Dear Daily Mail: not all asylum seekers are sexual predators

The Mail uses Libyan soldiers case to blast asylum and human rights

 

Reporting on asylum claims by three Libyan soldiers convicted of sexual assault while training in Britain, the Daily Mail makes no bones about why the story is plastered on the front page:

“The case shows yet again how human rights laws can scupper the deportation of foreign offenders.”

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The paper’s editorial column hammers the point home:

“How much longer can we allow our asylum system to be mocked and abused – and victims betrayed – in the name of criminals’ human rights?”

As it happens, criminals do have rights, and are entitled to apply for asylum if they feel they might be in danger if deported to another country.

Some readers might be sympathetic to the idea that these men have committed crimes (and served their short sentences), and should be sent back to where they came from without delay.

They ought to notice that the very same newspaper has rather little regard for the rights of British criminals, catering to the ‘hang ’em, flog ’em’ tendency in public opinion.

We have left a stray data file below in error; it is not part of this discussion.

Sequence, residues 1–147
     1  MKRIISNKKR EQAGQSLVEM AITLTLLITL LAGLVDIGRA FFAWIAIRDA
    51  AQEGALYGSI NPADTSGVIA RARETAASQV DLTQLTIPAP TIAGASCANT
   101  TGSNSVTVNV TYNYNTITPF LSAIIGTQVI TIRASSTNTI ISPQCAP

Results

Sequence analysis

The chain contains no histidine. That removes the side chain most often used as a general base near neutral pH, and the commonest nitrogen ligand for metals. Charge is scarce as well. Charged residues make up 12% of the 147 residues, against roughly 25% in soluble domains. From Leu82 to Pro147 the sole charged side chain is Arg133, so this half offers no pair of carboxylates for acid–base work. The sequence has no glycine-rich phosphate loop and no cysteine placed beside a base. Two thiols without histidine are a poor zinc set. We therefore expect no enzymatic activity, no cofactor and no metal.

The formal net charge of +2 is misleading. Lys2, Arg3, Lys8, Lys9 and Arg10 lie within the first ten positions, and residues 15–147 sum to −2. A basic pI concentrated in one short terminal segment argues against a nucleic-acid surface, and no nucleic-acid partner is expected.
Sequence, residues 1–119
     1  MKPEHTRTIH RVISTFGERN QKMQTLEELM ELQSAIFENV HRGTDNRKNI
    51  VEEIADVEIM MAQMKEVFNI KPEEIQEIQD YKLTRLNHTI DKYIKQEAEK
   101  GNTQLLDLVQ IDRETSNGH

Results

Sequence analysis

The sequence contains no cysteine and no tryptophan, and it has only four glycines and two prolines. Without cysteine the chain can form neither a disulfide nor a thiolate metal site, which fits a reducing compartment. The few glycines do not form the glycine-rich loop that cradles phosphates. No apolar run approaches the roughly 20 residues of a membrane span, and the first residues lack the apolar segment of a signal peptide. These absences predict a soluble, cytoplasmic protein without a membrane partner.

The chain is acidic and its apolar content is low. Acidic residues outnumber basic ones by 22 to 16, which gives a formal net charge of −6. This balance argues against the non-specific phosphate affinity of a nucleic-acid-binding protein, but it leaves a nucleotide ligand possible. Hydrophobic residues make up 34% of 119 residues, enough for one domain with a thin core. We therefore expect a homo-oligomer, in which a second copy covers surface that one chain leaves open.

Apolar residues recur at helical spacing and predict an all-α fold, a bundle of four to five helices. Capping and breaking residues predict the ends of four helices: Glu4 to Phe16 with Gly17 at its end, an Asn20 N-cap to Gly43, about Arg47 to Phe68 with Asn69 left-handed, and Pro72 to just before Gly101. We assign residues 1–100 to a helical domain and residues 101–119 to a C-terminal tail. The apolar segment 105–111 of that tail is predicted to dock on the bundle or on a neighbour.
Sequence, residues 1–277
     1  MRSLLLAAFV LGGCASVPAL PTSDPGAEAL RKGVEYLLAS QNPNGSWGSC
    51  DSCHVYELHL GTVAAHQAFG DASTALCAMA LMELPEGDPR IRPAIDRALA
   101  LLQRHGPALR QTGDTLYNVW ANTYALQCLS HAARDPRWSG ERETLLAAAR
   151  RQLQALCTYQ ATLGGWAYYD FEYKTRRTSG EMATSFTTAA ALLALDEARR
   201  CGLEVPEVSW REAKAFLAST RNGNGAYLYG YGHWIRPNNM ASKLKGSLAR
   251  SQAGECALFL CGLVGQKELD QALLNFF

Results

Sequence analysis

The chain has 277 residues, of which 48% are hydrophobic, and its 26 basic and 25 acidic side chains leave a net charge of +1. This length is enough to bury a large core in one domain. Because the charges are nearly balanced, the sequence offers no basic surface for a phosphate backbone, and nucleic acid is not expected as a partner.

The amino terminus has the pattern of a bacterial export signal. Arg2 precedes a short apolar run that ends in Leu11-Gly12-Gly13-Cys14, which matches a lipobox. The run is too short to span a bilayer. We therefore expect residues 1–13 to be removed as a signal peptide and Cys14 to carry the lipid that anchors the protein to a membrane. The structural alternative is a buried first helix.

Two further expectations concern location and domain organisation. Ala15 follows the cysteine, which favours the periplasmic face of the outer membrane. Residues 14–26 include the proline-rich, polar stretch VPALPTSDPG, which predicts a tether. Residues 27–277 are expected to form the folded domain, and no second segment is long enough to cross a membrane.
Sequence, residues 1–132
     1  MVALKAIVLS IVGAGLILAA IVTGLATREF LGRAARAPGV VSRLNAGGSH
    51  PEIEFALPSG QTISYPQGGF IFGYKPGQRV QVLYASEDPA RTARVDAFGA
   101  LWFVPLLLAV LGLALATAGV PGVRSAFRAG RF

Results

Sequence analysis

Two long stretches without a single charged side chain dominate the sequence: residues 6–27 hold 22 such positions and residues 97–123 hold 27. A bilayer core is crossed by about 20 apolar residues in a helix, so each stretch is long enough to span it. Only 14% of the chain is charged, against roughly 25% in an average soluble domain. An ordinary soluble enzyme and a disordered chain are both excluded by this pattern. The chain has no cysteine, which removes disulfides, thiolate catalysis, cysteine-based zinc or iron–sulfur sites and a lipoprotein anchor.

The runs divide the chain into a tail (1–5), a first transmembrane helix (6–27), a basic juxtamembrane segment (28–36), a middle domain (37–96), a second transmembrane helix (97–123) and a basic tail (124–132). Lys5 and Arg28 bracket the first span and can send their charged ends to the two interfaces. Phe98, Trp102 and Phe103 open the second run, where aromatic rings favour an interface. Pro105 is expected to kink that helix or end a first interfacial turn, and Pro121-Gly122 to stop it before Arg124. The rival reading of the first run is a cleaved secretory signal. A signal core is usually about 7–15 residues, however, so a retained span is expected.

In other words, human rights are for everyone.

These asylum claims surely demonstrate some nerve on the part of the offenders, but they should be decided by the Home Office applying the legal criteria for asylum, rather than a national newspaper weighing in on the side of rejection.

If this was a court case, the Mail could be in contempt for prejudicing the decision.

What is really happening is made clear by the passages above and the Mail’s past form. After all, the paper’s newfound compassion for victims of sexual assault rarely extends to female refugees.

These claims, which might be rejected, are being used to discredit the entire asylum process (and non-specified ‘human rights laws’) to suggest Britain is a ‘soft touch’ on asylum.

The reality is that:

  1. Britain receives fewer asylum claims than other European countries.
  2. While the number of asylum claims rose 2 percent last year, at 24,257 they are down massively from their peak of 84,132 in 2002.
  3. It’s very tough to be granted asylum in Britain. Many wrong decisions by the Home Office have had to be overturned by the courts.

And guess how many asylum seekers are Libyan soldiers convicted of sexual assault? Er, just these three men.

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The Daily Mail  takes human rights very seriously. The second story on today’s front page has a picture of human rights lawyer Amal Clooney with the headline: ‘How killer heels are wrecking Amal’s feet’.
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Adam Barnett is a staff writer at Left Foot Forward. Follow MediaWatch on Twitter

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